by Chantal Hébert
In spite of the rewriting in the Senate of the Liberal bill on medically assisted death, rumours of an impending parliamentary crisis are somewhat exaggerated.
There are better-than-even odds that a collision between the two houses of Parliament will ultimately be averted, and more than enough potential common ground between the government and the senate for a law to see the light of day sooner rather than later.
There is a strong consensus in both houses of Parliament that it is desirable to have a federal law in place, if only to provide the provinces with a basic common hymn book to sing from.
Although some parliamentarians have argued that no law would be preferable to the bill originally drafted by the government, a federal-legal void has not emerged as anyone’s first choice.
A strong majority of MPs and senators support the right to medically assisted death. In contrast with previous debates on contentious charter-related issues such as abortion or same-sex marriage, there is no manifest political will on the part of any party to eventually try to roll back the clock.
Where there is disagreement is on the pace at which the change should be implemented if the law is to live up to the requirements of the Charter of Rights and Freedoms.
The government had proposed that, at least initially, only those whose death is “reasonably foreseeable” be eligible for medical assistance in dying. It claims a gradual approach does not make the bill unconstitutional.
The Senate disagrees. It has amended the government’s original bill to include people whose death may not be imminent but who suffer from a “grievous and irremediable” condition.
It is not a minor difference, nor is it an irreconcilable disagreement of the kind that brought about the demise in the Senate, in the early ’90s, of the last federal attempt to regulate access to abortion.
Back then, the group of senators that united to defeat the government’s bill was made up of parliamentarians who either would countenance no law that allowed women to seek an abortion at any stage in a pregnancy or who would accept no restrictions on the right to not carry a fetus to term.
Neither side was open to a compromise that could have led to a charter-proof law. In the case of assisted dying, there are at least two possible avenues to a resolution.
The government could accept Bill C-14 as amended by the Senate and put it to a Commons vote. For every Conservative or Liberal vote lost to a less restrictive version of the legislation, there would likely be an equivalent NDP or a BQ vote in favour of it.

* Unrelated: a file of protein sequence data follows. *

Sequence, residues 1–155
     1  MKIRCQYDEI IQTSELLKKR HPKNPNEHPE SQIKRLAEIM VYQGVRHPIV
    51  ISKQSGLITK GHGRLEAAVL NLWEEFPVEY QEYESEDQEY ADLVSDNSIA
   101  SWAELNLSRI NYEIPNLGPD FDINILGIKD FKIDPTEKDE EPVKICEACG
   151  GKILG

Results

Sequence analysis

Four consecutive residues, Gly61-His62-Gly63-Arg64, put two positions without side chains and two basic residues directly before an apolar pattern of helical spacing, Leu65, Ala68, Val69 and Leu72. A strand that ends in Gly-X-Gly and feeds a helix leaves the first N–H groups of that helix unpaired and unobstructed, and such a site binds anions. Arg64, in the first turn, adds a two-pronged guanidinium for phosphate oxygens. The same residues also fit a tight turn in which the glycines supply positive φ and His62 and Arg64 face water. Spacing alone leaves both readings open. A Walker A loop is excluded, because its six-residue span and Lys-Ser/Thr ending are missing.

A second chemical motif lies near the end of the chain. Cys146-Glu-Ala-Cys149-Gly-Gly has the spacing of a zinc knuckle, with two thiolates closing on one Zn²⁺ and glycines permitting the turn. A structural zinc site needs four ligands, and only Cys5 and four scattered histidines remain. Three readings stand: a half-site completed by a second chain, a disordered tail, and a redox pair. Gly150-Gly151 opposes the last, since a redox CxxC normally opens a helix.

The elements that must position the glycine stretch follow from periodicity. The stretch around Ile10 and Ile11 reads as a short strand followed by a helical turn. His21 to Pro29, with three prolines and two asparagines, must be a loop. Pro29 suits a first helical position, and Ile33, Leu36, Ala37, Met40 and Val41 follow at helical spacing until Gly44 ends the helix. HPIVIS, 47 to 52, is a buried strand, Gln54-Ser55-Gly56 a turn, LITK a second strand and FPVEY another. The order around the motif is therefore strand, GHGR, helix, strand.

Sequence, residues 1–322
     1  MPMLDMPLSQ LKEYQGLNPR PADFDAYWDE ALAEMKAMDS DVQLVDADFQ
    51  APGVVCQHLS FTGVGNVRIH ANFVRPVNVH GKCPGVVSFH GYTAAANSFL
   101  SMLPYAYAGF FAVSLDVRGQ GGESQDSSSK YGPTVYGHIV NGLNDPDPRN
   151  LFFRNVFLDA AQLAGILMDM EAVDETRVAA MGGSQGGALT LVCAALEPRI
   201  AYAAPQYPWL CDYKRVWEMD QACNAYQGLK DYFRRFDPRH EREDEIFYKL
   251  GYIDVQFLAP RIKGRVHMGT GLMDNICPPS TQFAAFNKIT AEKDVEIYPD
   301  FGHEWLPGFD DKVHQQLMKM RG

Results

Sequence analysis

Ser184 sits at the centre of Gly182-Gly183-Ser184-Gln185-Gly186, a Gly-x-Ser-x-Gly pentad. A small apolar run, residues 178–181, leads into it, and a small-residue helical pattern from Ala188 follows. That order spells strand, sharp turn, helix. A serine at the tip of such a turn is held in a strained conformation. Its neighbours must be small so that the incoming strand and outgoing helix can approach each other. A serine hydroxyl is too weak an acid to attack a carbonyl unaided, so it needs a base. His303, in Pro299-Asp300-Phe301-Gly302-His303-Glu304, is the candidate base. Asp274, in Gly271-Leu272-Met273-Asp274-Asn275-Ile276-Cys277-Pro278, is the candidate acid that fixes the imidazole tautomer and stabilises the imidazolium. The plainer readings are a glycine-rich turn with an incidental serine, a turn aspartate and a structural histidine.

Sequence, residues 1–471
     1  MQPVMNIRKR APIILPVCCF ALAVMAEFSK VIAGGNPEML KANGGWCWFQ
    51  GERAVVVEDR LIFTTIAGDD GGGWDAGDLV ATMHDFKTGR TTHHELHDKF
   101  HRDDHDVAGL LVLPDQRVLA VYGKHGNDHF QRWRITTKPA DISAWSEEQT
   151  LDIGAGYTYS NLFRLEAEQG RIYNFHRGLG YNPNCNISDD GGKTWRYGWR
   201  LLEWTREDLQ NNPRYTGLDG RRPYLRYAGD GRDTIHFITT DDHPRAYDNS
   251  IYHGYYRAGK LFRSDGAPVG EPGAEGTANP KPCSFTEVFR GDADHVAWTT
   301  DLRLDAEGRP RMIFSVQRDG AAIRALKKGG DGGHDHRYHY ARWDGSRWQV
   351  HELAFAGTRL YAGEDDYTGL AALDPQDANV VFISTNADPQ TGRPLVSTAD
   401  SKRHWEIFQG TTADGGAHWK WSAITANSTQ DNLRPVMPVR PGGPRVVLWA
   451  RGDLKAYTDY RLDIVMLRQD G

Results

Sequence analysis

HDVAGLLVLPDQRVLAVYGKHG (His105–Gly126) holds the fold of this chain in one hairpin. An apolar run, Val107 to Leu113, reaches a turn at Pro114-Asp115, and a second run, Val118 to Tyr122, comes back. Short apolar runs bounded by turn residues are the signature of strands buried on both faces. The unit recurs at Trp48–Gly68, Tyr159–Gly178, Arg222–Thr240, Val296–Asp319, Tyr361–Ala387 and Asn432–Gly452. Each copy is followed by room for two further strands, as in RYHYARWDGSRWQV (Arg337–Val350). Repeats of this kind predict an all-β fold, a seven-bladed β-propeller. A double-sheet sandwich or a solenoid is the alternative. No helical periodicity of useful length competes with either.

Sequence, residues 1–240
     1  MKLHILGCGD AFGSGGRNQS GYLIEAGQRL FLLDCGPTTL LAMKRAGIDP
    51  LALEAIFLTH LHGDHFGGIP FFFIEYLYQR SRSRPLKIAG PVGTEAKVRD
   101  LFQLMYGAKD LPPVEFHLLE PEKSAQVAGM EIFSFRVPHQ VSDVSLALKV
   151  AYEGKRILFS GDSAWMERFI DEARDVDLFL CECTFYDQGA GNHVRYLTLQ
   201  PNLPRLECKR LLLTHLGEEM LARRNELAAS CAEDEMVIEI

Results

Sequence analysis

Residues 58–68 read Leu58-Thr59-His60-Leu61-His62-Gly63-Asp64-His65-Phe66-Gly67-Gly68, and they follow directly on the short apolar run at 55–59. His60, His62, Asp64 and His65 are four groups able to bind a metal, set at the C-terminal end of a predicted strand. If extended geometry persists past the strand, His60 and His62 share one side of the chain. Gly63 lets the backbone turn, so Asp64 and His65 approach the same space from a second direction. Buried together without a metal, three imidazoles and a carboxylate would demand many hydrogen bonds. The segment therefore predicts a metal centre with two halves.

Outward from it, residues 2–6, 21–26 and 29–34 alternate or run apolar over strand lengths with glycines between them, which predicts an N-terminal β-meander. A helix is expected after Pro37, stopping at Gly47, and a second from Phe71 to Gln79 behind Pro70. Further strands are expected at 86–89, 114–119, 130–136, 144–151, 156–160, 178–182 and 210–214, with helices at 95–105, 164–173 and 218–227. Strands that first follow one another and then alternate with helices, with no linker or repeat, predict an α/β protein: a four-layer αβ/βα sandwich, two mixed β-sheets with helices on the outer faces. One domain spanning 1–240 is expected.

If, as every signal from the cabinet indicates, it declines to go that route, it will not be for fear of not being able to secure enough support in the Commons or to avoid a backlash in public opinion. Polls show solid support for a more expansive law.
Alternatively, the Liberals could strip the bill of the most contentious senate amendments before having the Commons vote to send it back for adoption in the upper house.
No one knows for sure whether at that point a majority of senators would kill the bill rather than defer to the elected house. My educated guess is that having done due diligence on the legislation, enough of them would ultimately bow to the will of the House of Commons for it to pass. If, as many senators (and others) believe, Bill C-14 is too restrictive to be constitutional, the courts will fix it.
Neither side in this debate can benefit from an impasse or a prolonged battle of wills. For the government, a signature piece of legislation but also an institutional experiment sponsored by no less than the prime minister hang in the balance.
Under the changed terms of engagement between the government and the more independent Senate Justin Trudeau has set out to create, legislative bargaining between the two houses of Parliament stand to become if not the norm, at least more frequent. That’s a prospect that elicits equal measures of delight and horror in many quarters. Neither is totally justified. But more on that in a future column.
Chantal Hébert is a national affairs writer. Her column appears Tuesday, Thursday and Saturday.
Copyright 2016 – Torstar Syndication Services